HC Deb 07 August 1890 vol 348 cc87-8
MR. HOYLE (Lancashire, S.E., Heywood)

I beg to ask the President of the Board of Trade what was the declared value of the exports for the year 1889 of British and Irish manufactures, machinery, &c., to countries having a silver currency, and on that amount what would be the increase remitted home in sterling owing to the rise in exchange on the basis of the exchangeable value of the rupee having risen from 1s. 4d. to 1s. 7d.?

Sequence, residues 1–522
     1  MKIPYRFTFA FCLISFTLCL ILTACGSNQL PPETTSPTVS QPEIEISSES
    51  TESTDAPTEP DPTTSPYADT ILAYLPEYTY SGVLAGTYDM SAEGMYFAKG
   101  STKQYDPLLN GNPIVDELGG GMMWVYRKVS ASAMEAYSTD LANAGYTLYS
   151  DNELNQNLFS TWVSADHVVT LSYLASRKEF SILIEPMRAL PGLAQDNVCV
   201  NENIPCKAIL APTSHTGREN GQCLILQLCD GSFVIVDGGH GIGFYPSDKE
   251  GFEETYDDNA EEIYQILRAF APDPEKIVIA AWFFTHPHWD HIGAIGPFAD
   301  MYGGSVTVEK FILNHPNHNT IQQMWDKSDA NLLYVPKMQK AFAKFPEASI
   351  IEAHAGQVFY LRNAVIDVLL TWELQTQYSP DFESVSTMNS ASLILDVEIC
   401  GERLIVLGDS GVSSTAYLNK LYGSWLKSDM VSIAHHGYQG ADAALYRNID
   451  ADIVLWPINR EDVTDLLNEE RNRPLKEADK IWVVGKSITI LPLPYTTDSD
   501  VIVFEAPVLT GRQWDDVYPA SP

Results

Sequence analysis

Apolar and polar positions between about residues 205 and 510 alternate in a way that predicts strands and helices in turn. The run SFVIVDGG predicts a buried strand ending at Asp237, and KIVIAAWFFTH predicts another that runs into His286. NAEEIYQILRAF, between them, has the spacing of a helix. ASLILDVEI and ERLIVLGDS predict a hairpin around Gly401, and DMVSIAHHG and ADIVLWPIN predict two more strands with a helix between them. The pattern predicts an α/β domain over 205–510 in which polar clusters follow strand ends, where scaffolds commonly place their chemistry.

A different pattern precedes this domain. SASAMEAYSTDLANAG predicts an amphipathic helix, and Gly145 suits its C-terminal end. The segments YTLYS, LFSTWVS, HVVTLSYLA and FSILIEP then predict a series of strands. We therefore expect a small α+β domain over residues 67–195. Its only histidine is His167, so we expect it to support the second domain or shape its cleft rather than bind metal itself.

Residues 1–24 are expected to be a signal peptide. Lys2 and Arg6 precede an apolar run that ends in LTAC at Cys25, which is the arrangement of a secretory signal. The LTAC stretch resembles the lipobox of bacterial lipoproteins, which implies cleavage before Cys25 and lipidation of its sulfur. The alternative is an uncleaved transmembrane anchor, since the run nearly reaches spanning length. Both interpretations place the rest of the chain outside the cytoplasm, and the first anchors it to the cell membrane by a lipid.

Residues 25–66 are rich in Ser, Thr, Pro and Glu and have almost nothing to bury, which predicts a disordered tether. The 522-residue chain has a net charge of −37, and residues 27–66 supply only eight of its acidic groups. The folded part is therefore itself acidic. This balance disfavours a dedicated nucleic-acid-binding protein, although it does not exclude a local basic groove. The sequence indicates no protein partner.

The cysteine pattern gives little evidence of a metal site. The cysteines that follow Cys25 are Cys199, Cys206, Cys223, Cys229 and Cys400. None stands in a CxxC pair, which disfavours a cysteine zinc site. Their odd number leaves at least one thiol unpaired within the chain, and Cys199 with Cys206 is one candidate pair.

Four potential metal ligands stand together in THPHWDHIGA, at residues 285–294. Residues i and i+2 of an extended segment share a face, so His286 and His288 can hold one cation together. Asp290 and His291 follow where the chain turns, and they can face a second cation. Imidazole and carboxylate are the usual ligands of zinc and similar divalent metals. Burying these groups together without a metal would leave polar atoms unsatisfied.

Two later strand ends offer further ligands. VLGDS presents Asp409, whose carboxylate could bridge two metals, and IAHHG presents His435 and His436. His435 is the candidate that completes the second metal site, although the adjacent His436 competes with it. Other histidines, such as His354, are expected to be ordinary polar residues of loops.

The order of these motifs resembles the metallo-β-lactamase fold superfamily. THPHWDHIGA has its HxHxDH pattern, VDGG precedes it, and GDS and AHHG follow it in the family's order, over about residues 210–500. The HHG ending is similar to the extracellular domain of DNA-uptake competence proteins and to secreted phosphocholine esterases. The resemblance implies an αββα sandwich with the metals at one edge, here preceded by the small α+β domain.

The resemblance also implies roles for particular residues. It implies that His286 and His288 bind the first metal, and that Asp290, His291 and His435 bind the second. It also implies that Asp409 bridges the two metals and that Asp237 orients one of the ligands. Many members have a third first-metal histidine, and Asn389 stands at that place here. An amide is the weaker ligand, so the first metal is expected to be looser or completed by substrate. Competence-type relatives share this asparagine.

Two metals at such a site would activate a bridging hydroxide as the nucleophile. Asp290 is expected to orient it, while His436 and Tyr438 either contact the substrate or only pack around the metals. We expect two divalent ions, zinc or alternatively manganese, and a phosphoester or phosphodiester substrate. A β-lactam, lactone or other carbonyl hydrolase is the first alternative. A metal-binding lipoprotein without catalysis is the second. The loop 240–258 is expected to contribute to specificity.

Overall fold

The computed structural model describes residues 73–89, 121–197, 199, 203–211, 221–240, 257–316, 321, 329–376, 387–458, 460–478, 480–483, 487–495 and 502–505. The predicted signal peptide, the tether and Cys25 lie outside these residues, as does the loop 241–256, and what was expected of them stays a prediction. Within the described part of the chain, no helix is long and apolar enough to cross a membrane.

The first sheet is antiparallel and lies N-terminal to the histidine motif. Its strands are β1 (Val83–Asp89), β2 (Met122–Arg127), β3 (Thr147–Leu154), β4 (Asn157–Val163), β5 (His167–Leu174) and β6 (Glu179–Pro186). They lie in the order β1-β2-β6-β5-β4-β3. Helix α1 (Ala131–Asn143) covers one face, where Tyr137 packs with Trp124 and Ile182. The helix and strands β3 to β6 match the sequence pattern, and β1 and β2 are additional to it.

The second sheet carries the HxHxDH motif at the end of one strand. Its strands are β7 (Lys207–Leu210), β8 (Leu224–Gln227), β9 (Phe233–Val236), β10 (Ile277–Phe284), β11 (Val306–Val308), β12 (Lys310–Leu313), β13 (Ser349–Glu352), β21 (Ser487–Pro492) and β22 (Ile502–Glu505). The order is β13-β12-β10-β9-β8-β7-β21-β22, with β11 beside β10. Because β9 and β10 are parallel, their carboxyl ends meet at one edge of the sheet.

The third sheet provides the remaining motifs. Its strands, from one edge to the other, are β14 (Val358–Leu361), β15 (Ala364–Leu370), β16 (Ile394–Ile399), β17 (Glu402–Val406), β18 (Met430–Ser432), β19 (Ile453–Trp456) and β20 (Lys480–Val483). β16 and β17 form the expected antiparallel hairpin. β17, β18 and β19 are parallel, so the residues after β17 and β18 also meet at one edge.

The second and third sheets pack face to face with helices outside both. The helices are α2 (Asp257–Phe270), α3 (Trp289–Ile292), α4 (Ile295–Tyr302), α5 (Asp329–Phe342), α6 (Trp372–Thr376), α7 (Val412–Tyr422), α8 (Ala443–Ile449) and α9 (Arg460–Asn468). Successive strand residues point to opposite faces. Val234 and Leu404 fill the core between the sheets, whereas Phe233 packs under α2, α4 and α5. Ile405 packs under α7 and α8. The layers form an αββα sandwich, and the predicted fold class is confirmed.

I am not quite clear, from the hon. Member's question, whether he desires to show the exports of British produce and manufacture to countries with a silver currency or with a silver standard, which is not quite the same thing; because gold standard countries, as well as silver standard countries, may have a good deal of silver currency, as in England, France, Germany, and the United States. Taking, however, the list of the principal silver-using countries given by the Gold and Silver Commission at page 30 of their final Report, namely, India, China, Japan, Ceylon, Straits Settlements, Mauritius, Mexico, and Central America, I find the exports of British and Irish produce and manufacture amounted to £48,088,857 in 1889. I am unable to give a reply to the second part of the hon. Member's question, as the points involved are mainly matters of opinion and argument.